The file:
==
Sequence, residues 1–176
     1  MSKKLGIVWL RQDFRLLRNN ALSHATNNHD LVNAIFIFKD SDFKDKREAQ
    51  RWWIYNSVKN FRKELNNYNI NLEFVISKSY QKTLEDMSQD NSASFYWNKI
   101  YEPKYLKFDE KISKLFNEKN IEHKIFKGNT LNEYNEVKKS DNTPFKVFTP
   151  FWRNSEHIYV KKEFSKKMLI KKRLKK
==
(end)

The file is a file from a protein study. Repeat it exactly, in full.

Sequence, residues 1–176
     1  MSKKLGIVWL RQDFRLLRNN ALSHATNNHD LVNAIFIFKD SDFKDKREAQ
    51  RWWIYNSVKN FRKELNNYNI NLEFVISKSY QKTLEDMSQD NSASFYWNKI
   101  YEPKYLKFDE KISKLFNEKN IEHKIFKGNT LNEYNEVKKS DNTPFKVFTP
   151  FWRNSEHIYV KKEFSKKMLI KKRLKK